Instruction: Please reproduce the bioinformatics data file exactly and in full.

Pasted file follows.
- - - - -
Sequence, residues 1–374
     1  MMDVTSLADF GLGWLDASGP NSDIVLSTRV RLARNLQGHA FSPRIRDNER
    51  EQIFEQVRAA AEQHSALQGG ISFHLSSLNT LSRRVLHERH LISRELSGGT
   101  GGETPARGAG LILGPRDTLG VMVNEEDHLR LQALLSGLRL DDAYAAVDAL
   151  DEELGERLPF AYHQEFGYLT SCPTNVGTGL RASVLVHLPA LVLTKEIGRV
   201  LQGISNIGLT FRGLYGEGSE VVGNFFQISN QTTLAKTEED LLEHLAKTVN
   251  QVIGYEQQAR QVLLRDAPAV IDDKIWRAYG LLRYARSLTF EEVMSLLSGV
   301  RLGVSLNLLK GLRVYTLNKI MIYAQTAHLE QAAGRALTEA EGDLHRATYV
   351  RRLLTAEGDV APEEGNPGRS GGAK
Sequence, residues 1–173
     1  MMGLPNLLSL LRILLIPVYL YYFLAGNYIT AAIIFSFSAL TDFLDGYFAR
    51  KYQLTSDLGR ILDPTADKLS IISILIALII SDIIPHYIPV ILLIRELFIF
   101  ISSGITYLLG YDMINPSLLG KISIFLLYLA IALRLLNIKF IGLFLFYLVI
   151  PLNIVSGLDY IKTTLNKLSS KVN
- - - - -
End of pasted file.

Sequence, residues 1–374
     1  MMDVTSLADF GLGWLDASGP NSDIVLSTRV RLARNLQGHA FSPRIRDNER
    51  EQIFEQVRAA AEQHSALQGG ISFHLSSLNT LSRRVLHERH LISRELSGGT
   101  GGETPARGAG LILGPRDTLG VMVNEEDHLR LQALLSGLRL DDAYAAVDAL
   151  DEELGERLPF AYHQEFGYLT SCPTNVGTGL RASVLVHLPA LVLTKEIGRV
   201  LQGISNIGLT FRGLYGEGSE VVGNFFQISN QTTLAKTEED LLEHLAKTVN
   251  QVIGYEQQAR QVLLRDAPAV IDDKIWRAYG LLRYARSLTF EEVMSLLSGV
   301  RLGVSLNLLK GLRVYTLNKI MIYAQTAHLE QAAGRALTEA EGDLHRATYV
   351  RRLLTAEGDV APEEGNPGRS GGAK
Sequence, residues 1–173
     1  MMGLPNLLSL LRILLIPVYL YYFLAGNYIT AAIIFSFSAL TDFLDGYFAR
    51  KYQLTSDLGR ILDPTADKLS IISILIALII SDIIPHYIPV ILLIRELFIF
   101  ISSGITYLLG YDMINPSLLG KISIFLLYLA IALRLLNIKF IGLFLFYLVI
   151  PLNIVSGLDY IKTTLNKLSS KVN